3. I’m a fan of “literacy on the go.”  As a child, I always had a book with me.  I encourage this for my children as well, who will often bring books with them even for short car rides somewhere.  However, if we forget a book and we find ourselves in a situation where we are waiting, most times one or both of the kids will ask for my iPhone.  I don’t have a problem if they use my iPhone, because I have packed it with educational games and books.  One app my daughter just became familiar with is “Snug as a Bug” which is an e-book app offered by WordWorld.  This particular book uses the same “word things” that the show uses.  She can have the book read aloud to her or she can turn the speaker off and read it herself (she isn’t there yet!).  There is some interactivity in the book, which keeps her engaged.  The great thing is WordWorld offers these e-books as apps on iTunes for the iPad or iPhone, but they also offer them for FREE on the Word World website.  The e-books are read-aloud versions of the actual TV episode, so after reading the book, you and your child can compare the e-book to the episode.

How do you help to build a reader, one word at a time?  Do you allow your children to watch educational TV?  How do you connect literacy to TV?

©2011 by Dawn Little for Literacy Toolbox. All Amazon links are affiliate links and may result in my receiving a small commission. This is at no additional cost to you.

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iPad App Review: Wild About Books by Judy Sierra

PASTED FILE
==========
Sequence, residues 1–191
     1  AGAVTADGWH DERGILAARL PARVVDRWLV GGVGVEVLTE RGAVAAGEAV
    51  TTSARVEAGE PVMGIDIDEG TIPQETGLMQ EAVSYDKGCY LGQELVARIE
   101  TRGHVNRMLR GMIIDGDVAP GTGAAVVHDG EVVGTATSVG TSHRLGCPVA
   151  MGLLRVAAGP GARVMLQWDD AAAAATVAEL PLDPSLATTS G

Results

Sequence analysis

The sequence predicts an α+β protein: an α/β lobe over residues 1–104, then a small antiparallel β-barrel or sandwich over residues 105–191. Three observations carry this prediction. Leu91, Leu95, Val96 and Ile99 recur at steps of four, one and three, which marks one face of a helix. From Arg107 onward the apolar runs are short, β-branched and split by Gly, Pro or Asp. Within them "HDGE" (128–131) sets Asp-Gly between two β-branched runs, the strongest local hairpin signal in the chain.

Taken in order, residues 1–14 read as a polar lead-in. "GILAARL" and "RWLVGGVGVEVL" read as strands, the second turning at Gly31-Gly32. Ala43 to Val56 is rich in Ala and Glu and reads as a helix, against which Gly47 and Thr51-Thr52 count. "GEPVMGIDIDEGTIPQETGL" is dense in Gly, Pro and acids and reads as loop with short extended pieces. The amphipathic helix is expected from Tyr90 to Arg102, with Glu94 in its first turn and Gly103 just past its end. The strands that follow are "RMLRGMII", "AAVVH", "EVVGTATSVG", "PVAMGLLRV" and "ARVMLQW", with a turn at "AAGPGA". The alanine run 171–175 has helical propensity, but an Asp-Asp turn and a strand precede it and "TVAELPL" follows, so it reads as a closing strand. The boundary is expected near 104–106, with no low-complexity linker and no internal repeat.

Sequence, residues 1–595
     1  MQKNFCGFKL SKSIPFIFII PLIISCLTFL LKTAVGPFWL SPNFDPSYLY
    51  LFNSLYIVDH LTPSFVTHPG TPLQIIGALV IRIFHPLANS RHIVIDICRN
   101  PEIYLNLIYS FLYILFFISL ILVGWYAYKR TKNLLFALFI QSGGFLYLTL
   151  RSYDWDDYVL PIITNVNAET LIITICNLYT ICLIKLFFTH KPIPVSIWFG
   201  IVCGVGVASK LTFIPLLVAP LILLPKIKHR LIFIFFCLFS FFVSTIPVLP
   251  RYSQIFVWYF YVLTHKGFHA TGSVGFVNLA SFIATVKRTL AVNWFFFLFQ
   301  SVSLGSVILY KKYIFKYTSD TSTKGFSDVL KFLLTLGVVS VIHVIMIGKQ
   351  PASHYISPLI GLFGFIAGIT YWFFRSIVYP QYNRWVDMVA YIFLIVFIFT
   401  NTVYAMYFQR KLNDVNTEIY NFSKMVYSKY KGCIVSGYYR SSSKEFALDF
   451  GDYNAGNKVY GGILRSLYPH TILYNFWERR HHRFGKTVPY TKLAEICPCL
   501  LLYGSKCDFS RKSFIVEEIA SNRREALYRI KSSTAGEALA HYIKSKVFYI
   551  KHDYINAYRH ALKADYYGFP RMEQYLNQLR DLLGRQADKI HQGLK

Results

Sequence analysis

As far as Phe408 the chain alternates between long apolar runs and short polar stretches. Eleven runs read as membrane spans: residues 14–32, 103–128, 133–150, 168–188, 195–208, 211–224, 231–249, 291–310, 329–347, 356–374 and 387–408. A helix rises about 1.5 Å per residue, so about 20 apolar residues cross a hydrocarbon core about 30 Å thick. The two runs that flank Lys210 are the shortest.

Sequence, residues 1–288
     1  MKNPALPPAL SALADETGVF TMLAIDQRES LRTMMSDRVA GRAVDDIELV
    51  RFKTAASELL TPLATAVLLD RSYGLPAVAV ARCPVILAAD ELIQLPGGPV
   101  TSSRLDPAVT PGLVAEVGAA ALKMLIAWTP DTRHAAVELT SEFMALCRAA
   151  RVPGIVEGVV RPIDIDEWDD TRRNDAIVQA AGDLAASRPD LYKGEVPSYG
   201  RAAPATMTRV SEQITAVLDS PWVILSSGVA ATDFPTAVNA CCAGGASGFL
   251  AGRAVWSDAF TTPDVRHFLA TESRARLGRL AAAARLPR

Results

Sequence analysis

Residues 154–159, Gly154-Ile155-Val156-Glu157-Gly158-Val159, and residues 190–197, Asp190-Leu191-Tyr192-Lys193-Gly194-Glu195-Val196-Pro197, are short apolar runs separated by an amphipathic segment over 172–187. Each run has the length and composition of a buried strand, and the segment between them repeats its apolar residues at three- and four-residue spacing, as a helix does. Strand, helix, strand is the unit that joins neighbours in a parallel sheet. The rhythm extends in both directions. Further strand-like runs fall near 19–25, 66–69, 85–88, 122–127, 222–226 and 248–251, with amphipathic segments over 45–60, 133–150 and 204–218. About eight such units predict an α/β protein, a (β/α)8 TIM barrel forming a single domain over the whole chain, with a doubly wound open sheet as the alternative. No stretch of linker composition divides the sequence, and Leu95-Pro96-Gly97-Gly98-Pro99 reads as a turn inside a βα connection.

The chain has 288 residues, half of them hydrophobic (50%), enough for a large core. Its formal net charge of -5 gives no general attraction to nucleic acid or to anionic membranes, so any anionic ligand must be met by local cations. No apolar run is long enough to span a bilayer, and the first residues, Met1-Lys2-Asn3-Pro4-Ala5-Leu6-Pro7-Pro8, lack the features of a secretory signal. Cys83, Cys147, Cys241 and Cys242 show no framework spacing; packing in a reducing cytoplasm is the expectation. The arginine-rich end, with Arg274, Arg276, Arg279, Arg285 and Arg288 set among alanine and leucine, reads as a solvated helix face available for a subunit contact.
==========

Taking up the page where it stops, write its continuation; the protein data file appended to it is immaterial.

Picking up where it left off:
February 17, 2011

I don’t usually review books here on Literacy Toolbox.  Instead I tend to save book reviews for Picture This! Teaching with Picture Books.  More often than not, as I read a picture book, I read it with an educator frame.  In other words, how can I use this book in the classroom?  And so, books I review tend to find themselves on my educator blog.

However, I have come across several books lately that I feel parents would find helpful as well.  So, this month on Literacy Toolbox, I will share books or apps that I have recently read and/or played with my kids.

Wild About Books App

Since we purchased our iPhones several years ago, I have been on the lookout for great, quality book apps to entertain my children in times when we must wait somewhere.  Then we purchased our iPad and I continued the search.  It’s been slow going.  I have very specific criteria I look for in e-books for my children.  I want them to be interactive, but provide as much of a natural reading experience as it can.  I want the book to entertain and engage them in their reading.  I really prefer that they are quality picture books that I would read to my children anyway.

My children are very particular, too.  If it doesn’t grab their attention, it’s usually not an app that they will go back to.  Many of the apps they do return to have some kind of interactive/game component.  I don’t think that the e-book will ever “replace” the traditional book for my children, but I do think that it’s important for them to understand and learn how to navigate the e-book experience.